News TV, Kabul
The war in Afghanistan lasted nearly 20 years and was one of America’s longest and most costly wars. To date, however, fewer than a dozen American films about the conflict have been made.
On the other hand, World War II lasted only six years; however, thousands of American films were inspired by the war. It seems that Hollywood, like American politicians, is reluctant to Afghanistan, but why?
In the early days of the U.S. mission in Afghanistan, the Pentagon covered up many aspects of the war and imposed some access restrictions on journalists. In movies about war, Hollywood tries to cover up horrific events that happened to the U.S. military.
Soldiers who commit war crimes are often not representatives of the U.S. military, but people with mental illness. For example, in the movie Killing Squad, we witness the brutal manslaughter of an Afghan citizen by a psychotic sergeant who collects mutilated limbs.
There aren’t even films shot in Afghanistan that, from the perspective of those affected by the war, are far removed from the reality of the war. In the movie “The Twelve,” Hollywood’s attempt to paint a heroic image of its troops fighting the Taliban in Afghanistan is more of a work of fiction than any real event in the war. Of course, U.S. atrocities, like soldiers urinating on corpses, are not reflected in the movie.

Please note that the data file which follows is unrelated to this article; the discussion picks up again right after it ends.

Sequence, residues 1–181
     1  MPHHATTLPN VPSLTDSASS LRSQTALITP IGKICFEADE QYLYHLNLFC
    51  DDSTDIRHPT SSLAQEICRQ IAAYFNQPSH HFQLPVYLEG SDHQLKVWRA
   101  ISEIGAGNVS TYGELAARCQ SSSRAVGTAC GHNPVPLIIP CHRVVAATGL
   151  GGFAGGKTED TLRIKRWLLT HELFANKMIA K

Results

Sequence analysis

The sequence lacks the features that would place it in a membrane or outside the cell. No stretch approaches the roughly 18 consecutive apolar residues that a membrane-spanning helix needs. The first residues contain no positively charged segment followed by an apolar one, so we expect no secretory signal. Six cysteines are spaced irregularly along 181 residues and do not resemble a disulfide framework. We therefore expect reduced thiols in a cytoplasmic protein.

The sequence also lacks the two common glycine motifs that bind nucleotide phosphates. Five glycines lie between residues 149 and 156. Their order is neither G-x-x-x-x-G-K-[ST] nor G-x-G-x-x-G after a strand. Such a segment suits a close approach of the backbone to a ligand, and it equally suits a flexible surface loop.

Actors in Hollywood movies often use a phrase to express bravery and belligerence: “I fought in Afghanistan.” However, the true story of Afghanistan and the events of the 20-year American presence in the country have never been told in Hollywood. Why do you think they are not interested in this story?